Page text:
We dedicated a special page to the Lodigiani family‘s donation. This, not only because the books are several thousand, but also because Eng. Henry, with whom we have pleasantly interacted over these months, has been willing to come to our aid in many ways. He even wanted to bear the cost of sending the books he offered. Now, since the classification and cataloging of books will take some time and thus will be visible, as a list, only in months, we wanted to publish, as of now, a thank you.
It seemed to us to do everyone a favorable thing to add the testimony of the past. Adelio G. Pellegrini (pictured), a longtime friend of the Lodigiani family, who was able to find the right words to introduce them, our faculty and his library. Read further.
I was the office boy, and I had finished the III Industrial Start-up at Work. Eng. Joseph
Lodigiani was the Managing Director of the Enterprise. Great respect and admiration from all staff, no one excluded. He was the first one in the office, 8 o’clock, the last one out, when he was in the office, 8 o’clock. Office hours were: start 9 a.m., close 7 p.m., lunch break 1-3 p.m. Every Sunday morning he was in the office. Shortly before 12 noon, the wife with her young son Michael entered the office and then left with her husband to go to mass.
Impresa Lodigiani was important nationally and in Switzerland for the work it did. Eng. Peppino created Impregilo (Impresit-Girola-Lodigiani) by signing major and important works: Kariba Dam, on the Zambezi in Rhodesia, creating the largest man-made lake in the world; Akosomo in Ghana; the relocation of the Abu Simbel temples following the construction of the Aswan Dam in Egypt; the largest Rawalpindi Dam in Pakistan, later surpassed by the Yacireta Dam built in Argentina, damming the Nile, the Indus, the Parana, the Tagus, and others. Eng. Peppino was honored by Queen Elizabeth with the title of O.B.E. Order British Empire.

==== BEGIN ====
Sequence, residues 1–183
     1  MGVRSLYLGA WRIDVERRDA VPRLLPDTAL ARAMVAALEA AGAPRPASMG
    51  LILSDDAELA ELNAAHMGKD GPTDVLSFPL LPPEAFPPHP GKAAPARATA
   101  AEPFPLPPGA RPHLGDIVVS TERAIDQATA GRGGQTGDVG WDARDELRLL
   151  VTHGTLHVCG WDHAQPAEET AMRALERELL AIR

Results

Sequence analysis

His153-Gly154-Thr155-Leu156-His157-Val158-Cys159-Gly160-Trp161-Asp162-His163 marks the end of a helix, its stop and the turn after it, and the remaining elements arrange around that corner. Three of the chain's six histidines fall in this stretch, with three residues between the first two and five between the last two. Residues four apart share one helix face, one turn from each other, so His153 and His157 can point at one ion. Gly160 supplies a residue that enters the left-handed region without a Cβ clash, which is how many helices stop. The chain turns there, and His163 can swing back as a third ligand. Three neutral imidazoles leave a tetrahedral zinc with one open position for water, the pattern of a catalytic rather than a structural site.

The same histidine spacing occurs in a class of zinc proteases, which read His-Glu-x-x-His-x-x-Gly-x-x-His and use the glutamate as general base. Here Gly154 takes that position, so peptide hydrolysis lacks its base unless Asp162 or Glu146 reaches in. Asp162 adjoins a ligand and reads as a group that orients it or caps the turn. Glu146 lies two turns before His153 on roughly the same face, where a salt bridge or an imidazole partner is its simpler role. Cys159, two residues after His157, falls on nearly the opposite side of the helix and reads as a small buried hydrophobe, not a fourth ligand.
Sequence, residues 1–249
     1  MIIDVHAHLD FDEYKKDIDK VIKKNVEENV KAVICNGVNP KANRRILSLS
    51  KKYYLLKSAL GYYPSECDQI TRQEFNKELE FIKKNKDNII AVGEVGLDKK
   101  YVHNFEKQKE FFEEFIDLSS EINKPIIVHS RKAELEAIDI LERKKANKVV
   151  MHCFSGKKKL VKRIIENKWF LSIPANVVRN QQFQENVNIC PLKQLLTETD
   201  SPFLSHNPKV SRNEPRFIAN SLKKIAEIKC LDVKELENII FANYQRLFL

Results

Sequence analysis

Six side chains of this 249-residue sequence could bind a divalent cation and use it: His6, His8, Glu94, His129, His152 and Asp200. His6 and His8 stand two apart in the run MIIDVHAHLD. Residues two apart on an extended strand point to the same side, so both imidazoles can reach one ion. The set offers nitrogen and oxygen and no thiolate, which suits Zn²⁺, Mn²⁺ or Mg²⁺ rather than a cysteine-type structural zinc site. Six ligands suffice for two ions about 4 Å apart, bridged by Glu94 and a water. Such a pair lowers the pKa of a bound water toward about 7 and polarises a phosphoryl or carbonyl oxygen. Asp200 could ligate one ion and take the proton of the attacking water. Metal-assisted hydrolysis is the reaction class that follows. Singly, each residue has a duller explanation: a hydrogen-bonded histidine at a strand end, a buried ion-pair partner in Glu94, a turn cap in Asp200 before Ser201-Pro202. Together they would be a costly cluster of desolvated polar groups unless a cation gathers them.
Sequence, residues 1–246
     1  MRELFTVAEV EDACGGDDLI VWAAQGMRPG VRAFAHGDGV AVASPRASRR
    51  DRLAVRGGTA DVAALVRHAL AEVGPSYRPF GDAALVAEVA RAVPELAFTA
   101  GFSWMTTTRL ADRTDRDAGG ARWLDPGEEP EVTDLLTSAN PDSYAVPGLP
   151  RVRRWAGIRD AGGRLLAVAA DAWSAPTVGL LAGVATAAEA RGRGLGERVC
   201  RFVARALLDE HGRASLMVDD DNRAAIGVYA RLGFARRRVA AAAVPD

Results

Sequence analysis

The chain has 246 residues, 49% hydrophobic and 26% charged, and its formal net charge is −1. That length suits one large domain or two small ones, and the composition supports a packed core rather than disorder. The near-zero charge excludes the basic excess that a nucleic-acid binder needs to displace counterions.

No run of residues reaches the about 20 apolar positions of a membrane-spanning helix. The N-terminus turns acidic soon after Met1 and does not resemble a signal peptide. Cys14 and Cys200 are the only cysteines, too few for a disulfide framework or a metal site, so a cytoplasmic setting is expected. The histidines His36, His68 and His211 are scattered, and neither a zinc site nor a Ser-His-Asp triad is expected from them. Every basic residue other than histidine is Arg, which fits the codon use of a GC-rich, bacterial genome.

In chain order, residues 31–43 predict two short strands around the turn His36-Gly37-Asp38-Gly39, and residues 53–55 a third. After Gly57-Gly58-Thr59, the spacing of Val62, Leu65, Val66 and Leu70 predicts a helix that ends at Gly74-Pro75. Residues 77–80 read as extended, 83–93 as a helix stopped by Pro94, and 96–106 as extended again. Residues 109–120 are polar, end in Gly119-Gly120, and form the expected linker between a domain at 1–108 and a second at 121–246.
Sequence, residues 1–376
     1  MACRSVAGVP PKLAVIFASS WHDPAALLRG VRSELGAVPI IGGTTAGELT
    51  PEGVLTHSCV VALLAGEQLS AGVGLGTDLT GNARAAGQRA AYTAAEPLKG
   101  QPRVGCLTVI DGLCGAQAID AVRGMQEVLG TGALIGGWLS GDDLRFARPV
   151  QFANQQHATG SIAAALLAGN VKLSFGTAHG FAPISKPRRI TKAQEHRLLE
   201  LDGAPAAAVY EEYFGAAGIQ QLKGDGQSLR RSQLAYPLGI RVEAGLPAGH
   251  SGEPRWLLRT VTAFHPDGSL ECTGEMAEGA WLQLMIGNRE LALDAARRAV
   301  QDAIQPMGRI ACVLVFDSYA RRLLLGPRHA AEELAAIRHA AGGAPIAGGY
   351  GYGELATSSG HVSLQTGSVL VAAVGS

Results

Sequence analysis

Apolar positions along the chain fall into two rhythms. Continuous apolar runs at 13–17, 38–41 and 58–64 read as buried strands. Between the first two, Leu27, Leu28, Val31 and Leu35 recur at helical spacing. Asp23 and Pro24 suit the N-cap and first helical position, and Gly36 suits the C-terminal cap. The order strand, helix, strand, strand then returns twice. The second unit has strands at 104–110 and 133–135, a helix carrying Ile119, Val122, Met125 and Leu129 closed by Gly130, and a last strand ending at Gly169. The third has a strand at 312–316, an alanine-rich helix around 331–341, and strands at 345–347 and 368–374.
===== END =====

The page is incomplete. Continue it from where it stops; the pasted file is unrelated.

When I asked in 1962 about not working on the Sabbath, in order to keep the Fourth Commandment as recorded in Holy Scripture, his response was, “Even in Ghana we have a worker who does not work on the Sabbath.”
I was a boy and was proud to be involved in a big project.
Impresa Lodigiani’s policy was: work well, keep to the schedule for the completion of the work, possibly finish it sooner. Preventing staff claims.
In 1967 I left the Lodigiani Enterprise to study theology at the Adventist Institute of Biblical Culture in Florence, now a theological faculty recognized by the Ministry of Education. Eng. Paolo Lodigiani, then president, when I went to say goodbye to him, he told me that there would always be a job for me at Lodigiani. I took him at his word: I would spend the school vacations working in the Enterprise, thus supporting myself in my studies.
In November 1970, while continuing my studies in France, I received a letter from him from Tarbela, Pakistan, in response to a postcard from me.
In the 1970s, the Youth Department had a plan to buy a property in Casentino to make it a nationwide youth center. Colleague Rizzo asked me if I could ask Eng. Lodigiani a financing, interest-free. Eng. Peppino made an appointment for me. When I went there, he was not at headquarters but had left word to join him at Impregilo where he had an important unscheduled meeting. I went there, he absented himself to talk to me, and after I presented him with the reason for my visit, he asked me if he should finance the whole project. The loan was duly repaid, but no one in the family learned of his act of liberality, as well as many others.
All the times I visited him, he always took the time, but never did he greet me by sitting on one side of the desk and me on the other: we both sat next to each other on the guest side of the desk or at the round table.
The religious books that his heirs donated to the Adventist Faculty, he did not just purchase them, signs show that they were visited by him. They are a part of his many interests. Eng: G. Lodigiani was a founder of the Giuseppe Verdi Orchestra of Milan.
Eng. Peppino Lodigiani, who was very reserved, I remember him as a great gentleman who with the important works he did honored the genius of our country.
I conclude my remembrance of Eng. Peppino with what he writes in his last pages of What I Believe , in which he summarizes the epilogue of the almost one hundred years of the Lodigiani Enterprise: “In just a few painful years, we went from the category of winners and strongmen, in which we had seemed to have behaved without arrogance, to that of losers and losers, where we seem to have managed to maintain, so far, dignity and respect (…) we feel defeated, but not humiliated, first of all because we are convinced of our substantial innocence and because our ‘decline and fall’ has not caused harm to anyone else…
I, therefore, have changed…
Who, being the very embodiment of innocence, was found guilty by all the powers, humiliated and mocked by their scoffers, abandoned by his own, and finally crucified. And this understanding of Christ’s suffering coupled with a sense of His love for man is almost the whole of faith. Perhaps, one could also say, “patior, ergo credo…”
Adelio G. Pellegrini